Spring 2010~After finishing the book by Barbara Kingsolver, "Animal, Vegetable, Miracle", my Mister and I determined to start our own free-range heritage breed turkey business. Our customers would come from miles around to pick up their pre-ordered Thanksgiving centerpieces, and would rave about how delicate the meat was to their friends, who in turn would rave about it to their friends, who....well, you get the idea.
Turkey farming was in our blood; it was our destiny.
We brought home our first turkey poults and named them Ricky, Lucy, Fred, Ethel, and Thomasina (formerly known as Tom...she was a late-bloomer). Fast forward through some rather nasty run-in's with a rabid raccoon, a cunning coyote (who my son insists opened the turkey yard door!), and a certain November holiday, and we were left with 2.
Our dreams started to fade like a bad hair-coloring job on an August afternoon.
We assumed that our first turkeys were just stupider than most and decided to try a different approach. Especially since each poult at the farm store was about $10/poult!
This spring, we had the brilliant idea to incubate our own (free!) turkey eggs. Since turkeys are notoriously clumsy, we figured our intervention was needed in order to secure future generations of Bourbon Reds on the farm. (Ethel attempted to hatch her own, but ended up squishing the newly-hatched birds.) We ended up hatching 7 poults. Through a series of unfortunate events, only 4 made it to adulthood.
A couple of months later, in a moment of weakness, I brought home 2 chocolate turkeys, which turned into 3 as one life was cut short (and needed to be replaced) from a "swimming accident" in the water dish.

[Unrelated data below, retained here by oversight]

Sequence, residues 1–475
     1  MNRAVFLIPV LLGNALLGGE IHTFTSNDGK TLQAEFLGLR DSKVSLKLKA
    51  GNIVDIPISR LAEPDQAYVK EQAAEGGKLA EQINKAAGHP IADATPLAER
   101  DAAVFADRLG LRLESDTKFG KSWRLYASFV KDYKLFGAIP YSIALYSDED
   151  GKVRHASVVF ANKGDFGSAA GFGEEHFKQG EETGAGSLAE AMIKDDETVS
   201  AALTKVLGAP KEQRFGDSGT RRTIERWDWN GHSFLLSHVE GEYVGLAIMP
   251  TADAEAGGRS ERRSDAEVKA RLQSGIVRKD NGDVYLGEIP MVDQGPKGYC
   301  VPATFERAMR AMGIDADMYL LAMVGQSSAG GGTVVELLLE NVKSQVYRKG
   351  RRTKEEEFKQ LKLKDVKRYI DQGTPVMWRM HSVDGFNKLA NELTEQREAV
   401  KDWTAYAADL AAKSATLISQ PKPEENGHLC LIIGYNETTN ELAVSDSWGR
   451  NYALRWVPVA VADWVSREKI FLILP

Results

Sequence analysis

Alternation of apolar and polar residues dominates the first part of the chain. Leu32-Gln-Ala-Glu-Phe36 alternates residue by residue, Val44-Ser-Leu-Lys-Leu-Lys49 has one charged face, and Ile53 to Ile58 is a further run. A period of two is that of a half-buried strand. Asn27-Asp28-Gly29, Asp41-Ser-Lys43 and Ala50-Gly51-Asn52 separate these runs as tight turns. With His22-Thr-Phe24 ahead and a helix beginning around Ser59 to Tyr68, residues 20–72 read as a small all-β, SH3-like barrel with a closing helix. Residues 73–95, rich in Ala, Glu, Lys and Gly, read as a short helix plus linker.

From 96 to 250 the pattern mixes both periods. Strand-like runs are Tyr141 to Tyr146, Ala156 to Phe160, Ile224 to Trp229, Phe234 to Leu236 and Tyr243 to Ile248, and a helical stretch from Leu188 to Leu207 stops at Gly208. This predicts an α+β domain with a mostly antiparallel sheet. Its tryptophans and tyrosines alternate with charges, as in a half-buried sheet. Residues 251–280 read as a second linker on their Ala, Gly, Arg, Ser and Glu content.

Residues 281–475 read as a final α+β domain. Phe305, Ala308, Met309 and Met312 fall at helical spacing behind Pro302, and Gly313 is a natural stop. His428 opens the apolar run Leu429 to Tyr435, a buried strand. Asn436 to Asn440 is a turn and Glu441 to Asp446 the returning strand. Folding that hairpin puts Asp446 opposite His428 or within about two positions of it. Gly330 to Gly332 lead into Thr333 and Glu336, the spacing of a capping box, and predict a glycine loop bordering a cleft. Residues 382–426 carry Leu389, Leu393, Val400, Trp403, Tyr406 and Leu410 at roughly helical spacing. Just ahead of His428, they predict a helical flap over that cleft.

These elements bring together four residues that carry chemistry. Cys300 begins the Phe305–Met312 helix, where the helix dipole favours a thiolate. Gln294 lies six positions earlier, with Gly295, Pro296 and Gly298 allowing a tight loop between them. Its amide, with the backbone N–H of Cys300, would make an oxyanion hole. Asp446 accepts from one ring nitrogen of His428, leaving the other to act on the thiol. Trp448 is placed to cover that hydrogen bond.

Then the unthinkable happened. Lucy, our last remaining adult female disappeared. For days we searched for signs of her; a nest hidden under a fallen log, a trail through the blackberries, a pile of feathers...
We came to the conclusion that dreams and destiny are two very different things. Our dreams came from reading too late into the night; our destiny, a small flock of backyard pets. So we locked the remaining 7 turkeys in the yard and just hoped to keep them from becoming another wildlife snack at the all-you-can-eat-buffet.
And we decided that we didn't really like turkey on Thanksgiving anyway.
|Lucy hatched 12 perfect little poults.|
|And they were practically under our noses the whole time.|
~*~"One meets his destiny often in the road he takes to avoid it."~*~
Now they tell me.
At 20 turkeys, does this mean we're officially turkey farmers now?☺
This post is linked to Homestead Barn Hop!